By the time that the chopping was over it was Pastry Time. I don't know why I have an absolute mental block about this humble ingredient but it causes anguish whenever I try to make it. Today was no different. I rolled it- it tore. The teacher rolled it and left it for me to roll it over the pin and line the flan tin - before her very eyes it tore. Right she said time to end this problem once and for all. Hooray! no more pastry dishes I inwardly cheered. "You can do it like Rachel does, between two sheets of clingfilm - it's foolproof" was the unexpected response. I have to say that it worked and with one sheet still underneath it turned into the tin very nicely and for the second time in a week I was able to apply the Ballymaloe lip, this time in a recipe that called for it , before chilling the pastry again.

Whilst it blind baked and received an egg glaze intended to apply a waterproof covering to the base I had time for some more chopping.

Beetroot and Baby Spinach Salad involves peeling raw beetroot and the reducing them to a julienne by dint of nifty knife work. These are then scattered over the washed and dried baby spinach leaves before receiving a dressing and a scattering of toasted sesame seeds.

By now the tart was ready for its filling and , guess what more chopping. The apple had to be reduced to slices 1/8 inch thick and lined around the edges of the tart to produce an even and symmetrical patter. A rich egg and cream custard is then poured in and the whole thing baked for around 40 minutes. Schadenfreude is a very satisfying if somewhat mean emotion but after the pastry problem, (" Bill, you don't have a problem with pastry- you rolled it three times this morning and it turned out beautiful" "Everyone else rolled it once and got better results") I was somewhat apprehensive about sharing an oven with the best pastry maker in the kitchen. Amazingly her pastry leaked even more than mine - egg wash notwithstanding- but the highlight was when she said "I wouldn't like to clean that oven today, which section is it?" "Yellow" " That's mine!!".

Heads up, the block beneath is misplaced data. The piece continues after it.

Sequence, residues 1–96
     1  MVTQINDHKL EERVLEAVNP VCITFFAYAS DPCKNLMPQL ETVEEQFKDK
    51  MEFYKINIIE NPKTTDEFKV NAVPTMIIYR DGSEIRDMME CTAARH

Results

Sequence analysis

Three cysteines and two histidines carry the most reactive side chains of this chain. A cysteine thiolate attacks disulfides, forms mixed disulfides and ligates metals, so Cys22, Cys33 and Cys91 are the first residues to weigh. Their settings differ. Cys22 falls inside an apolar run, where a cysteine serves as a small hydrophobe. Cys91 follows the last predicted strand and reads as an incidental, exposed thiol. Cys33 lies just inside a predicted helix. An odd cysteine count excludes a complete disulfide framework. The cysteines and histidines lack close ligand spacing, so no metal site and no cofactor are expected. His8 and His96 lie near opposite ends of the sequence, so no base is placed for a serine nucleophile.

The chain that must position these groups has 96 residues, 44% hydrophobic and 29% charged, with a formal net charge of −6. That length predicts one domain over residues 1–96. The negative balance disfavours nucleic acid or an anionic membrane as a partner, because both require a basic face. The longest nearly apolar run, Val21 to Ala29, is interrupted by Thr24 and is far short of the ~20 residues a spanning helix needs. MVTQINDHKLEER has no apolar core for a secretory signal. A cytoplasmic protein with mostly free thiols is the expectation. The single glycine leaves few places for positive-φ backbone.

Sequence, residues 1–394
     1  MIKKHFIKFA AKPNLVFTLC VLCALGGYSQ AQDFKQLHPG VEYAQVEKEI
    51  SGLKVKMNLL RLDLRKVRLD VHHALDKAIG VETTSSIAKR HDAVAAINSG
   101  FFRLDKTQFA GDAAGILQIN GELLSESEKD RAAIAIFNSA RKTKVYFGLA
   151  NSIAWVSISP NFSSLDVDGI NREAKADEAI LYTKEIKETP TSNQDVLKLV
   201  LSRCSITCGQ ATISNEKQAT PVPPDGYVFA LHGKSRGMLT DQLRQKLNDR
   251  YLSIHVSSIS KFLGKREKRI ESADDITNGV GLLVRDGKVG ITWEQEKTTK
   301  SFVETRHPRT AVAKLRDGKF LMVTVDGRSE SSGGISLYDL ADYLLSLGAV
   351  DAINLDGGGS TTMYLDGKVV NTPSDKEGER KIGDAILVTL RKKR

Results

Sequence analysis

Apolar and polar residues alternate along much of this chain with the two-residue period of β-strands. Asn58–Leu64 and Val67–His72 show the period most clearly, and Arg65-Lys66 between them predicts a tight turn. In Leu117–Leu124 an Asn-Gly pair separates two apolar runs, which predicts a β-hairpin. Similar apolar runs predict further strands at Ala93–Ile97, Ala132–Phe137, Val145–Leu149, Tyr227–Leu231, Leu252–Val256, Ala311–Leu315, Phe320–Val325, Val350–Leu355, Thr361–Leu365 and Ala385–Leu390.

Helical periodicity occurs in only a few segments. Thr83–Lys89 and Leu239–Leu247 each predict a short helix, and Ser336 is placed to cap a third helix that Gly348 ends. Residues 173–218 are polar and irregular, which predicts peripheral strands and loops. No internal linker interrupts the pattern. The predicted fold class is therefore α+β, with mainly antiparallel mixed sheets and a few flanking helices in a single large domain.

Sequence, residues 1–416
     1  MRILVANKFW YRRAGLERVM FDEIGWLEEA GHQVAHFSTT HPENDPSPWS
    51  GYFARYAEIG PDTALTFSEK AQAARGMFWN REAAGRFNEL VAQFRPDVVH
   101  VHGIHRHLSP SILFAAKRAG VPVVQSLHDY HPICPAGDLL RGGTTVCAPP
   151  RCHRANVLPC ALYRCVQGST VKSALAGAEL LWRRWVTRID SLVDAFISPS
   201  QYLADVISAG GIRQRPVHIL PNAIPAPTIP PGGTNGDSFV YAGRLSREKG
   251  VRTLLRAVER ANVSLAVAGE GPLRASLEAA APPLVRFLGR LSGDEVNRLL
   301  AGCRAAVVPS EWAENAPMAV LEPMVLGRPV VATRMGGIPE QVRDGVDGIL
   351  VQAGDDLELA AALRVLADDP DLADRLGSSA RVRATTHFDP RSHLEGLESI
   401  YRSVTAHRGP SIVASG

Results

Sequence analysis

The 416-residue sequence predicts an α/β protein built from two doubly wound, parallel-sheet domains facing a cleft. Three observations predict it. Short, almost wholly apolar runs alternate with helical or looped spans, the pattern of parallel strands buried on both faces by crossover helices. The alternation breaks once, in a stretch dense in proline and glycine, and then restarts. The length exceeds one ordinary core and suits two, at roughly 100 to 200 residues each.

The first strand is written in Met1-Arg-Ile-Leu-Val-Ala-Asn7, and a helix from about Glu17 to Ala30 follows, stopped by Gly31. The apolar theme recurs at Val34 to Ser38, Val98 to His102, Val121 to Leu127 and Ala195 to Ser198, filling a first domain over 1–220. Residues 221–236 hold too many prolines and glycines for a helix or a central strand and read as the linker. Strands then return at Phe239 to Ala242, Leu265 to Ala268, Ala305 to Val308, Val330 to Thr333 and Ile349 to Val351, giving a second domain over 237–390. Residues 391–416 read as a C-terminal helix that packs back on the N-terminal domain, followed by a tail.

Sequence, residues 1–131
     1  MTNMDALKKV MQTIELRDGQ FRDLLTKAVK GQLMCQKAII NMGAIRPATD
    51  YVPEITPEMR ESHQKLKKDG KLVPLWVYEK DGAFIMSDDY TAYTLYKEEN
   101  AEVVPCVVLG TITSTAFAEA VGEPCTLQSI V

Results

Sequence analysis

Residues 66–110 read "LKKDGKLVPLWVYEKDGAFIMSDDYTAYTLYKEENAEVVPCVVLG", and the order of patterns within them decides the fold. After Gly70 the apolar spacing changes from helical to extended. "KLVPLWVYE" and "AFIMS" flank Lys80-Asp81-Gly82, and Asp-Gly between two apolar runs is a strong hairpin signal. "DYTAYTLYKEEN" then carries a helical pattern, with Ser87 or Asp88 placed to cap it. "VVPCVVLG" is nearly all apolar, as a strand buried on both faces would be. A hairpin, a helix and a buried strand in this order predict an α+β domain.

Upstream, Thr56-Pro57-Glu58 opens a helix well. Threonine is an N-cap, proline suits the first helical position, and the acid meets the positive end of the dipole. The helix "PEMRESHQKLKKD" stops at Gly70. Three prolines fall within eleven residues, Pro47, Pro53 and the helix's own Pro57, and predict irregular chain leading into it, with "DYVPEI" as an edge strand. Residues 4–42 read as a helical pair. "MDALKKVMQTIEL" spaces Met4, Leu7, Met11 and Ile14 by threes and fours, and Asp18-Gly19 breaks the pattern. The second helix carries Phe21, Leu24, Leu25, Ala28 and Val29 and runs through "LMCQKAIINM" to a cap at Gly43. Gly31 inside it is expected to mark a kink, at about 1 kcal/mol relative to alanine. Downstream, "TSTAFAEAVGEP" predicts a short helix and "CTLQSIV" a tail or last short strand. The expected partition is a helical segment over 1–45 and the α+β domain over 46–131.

mine is on the Left
Whilst we waited for the tarts to cook it was time to plate up and present the Salad and Soup. Everything about tasting sessions has to be restaurant correct. Cold dishes have to be served on cold plates, hot ones on hot plates - tip a commercial dishwasher can raise a plate or dish to 60 degrees in two minutes - and properly garnished and presented. There is not a lot you can do with Soup and Salad but here are today's efforts.

 By now the tart had cooked and the interesting task of removing it from the ring was awaiting.Some nifty skewer work ensured that there were no sticking parts and the tart was eased out of the ring and on to a plate.

Cooled slightly and Apricot Glazed a slice was gently removed and plated for tasting, wittily garnished with the same pot of whipped cream that had already accompanied at least 3 other pies to my knowledge.

Tasting over I shot into lunch - only pasta left and then to Demo.

Rachel demonstrated several Thai dishes and also cold mousses. Salads and green vegetables also featured though the star was definitely the Brioche. This also provided the comedy moment of the day, one oven was overheating and the smaller buns cooked much quicker than anticipated and emerged somewhat browner and more solid than intended. "I see that they are quite brown" stated a previously dozing student, "Can you get them more golden?" "Not only are they overcooked in terms of colour, but if I threw this one at you it would bounce off and come back to me!"
Rachel demonstrates the structural integrity of a brioche grenade

Demonstration over I had to serve the food to the ravening hordes, apparently Thai is the new Chips, before Darina came in to make an announcement. "Your exam results are available from me in the office".